- Check out classic literature such as Shakespeare. Don’t only look at character names, but placenames and job descriptions as well. Sometimes even the older versions of English words they used can provide inspiration.
- Try the phone book, if you still have one! In Australia, phone books don’t include first names, only initials. However, surnames often make great first names anyway, as we’ve said before. And you may have first names in the phone books, wherever you live.
- Try a map for inspiration! Yes, street, suburb, state and even country names can make great pen names.
This new name of yours is going to be a long-term commitment, so choose it carefully. If you write fiction, you know how hard it is to name characters… but their names only last for one book! This pen name is going to be your moniker for all kinds of promotional activities.
- How does your new pen name sound? How does it feel in your mouth? Will you enjoy saying it aloud for the next umpteen years? (Will you enjoy hearing Oprah introduce you by that name?!)
- Do the first and second names flow into each other easily? Does the total name hang together as a cohesive unit?
- Does it sound right for your type of book or genre? Strong or soft? Business-like or artistic? Masculine or feminine or gender-neutral? Old-fashioned or modern? Young, middle-aged or senior?
- Can people spell it? This matters much more today, when people want to search for you online, and buy many of their books online too.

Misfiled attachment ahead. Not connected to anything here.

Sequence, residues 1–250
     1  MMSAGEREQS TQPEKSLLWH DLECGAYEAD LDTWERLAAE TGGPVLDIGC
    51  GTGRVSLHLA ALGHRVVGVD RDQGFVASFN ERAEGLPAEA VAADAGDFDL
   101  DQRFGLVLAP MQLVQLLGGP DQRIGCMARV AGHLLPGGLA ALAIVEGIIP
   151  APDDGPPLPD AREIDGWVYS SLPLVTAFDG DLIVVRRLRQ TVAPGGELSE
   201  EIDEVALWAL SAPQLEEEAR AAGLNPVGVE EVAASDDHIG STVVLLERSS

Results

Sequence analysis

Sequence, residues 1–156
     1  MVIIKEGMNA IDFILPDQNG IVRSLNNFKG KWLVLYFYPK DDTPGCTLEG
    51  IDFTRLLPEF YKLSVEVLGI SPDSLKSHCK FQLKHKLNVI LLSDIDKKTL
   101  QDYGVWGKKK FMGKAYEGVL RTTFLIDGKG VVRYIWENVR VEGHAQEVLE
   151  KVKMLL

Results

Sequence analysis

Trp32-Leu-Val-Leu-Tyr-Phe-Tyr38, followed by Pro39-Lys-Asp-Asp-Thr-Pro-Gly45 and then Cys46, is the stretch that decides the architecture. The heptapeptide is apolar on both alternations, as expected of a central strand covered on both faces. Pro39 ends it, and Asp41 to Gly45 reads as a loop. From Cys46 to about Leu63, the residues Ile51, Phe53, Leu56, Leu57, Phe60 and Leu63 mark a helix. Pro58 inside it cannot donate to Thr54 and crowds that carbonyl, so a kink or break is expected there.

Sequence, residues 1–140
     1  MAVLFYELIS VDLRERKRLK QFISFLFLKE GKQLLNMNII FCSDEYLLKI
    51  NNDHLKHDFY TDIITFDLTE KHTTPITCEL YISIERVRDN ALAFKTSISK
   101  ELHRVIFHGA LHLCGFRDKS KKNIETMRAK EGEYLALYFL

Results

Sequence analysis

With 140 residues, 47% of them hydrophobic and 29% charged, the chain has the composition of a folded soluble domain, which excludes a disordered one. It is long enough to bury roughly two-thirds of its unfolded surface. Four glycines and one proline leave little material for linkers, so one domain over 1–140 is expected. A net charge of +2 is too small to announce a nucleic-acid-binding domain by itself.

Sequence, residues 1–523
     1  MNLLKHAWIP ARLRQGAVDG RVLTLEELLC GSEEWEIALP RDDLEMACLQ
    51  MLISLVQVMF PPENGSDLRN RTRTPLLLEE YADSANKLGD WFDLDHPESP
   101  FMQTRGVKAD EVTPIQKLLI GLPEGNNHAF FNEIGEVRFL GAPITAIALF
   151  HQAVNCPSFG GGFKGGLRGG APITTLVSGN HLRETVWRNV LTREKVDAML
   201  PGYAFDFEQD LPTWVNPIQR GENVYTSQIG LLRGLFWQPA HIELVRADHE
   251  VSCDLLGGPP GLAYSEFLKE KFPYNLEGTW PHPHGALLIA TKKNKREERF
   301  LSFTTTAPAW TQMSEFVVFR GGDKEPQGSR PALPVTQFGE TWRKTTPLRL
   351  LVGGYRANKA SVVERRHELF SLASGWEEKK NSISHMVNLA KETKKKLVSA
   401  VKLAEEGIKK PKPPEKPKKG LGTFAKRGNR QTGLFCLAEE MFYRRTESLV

- How will it look on a book cover? Make up some dummy covers in whatever software you have. Consider both full size and thumbnail size. Do the letters blend well together or do they look awkward?
- If you are writing certain types of genre fiction, such as crime and thrillers, a short name might be better, because it will fit across the width of the book cover in a larger font! Take a look at similar books in a bookstore, and you’ll see what I mean. The bestsellers all have the author’s name in huge letters, much bigger than the title.
- How common is the name you’ve chosen? Google it, and also check out social media such as Facebook, Twitter and LinkedIn. Try to choose a name that doesn’t have any other authors using it, if you can. It will make it much easier for people to find you.
- Is the Twitter handle available? (I had to use @Belinda_Pollard myself, because @belindapollard was already taken… but it’s always much better if you can just have the simple name as your handle.)
- Is the basic .com domain still available? If it isn’t, consider another name. If it is available, buy it NOW, even before you make a definite decision. It’s a small investment to make sure you keep that domain available to you.
All this talk of pen names is making me want to choose one for myself! I don’t want all the extra work of a second online profile set… but it’s so tempting. Think what fun I could have…
Are you using a pen name? How did you choose it? Are you thinking about a pen name? I love to hear about your experiences. Scroll down and leave a comment.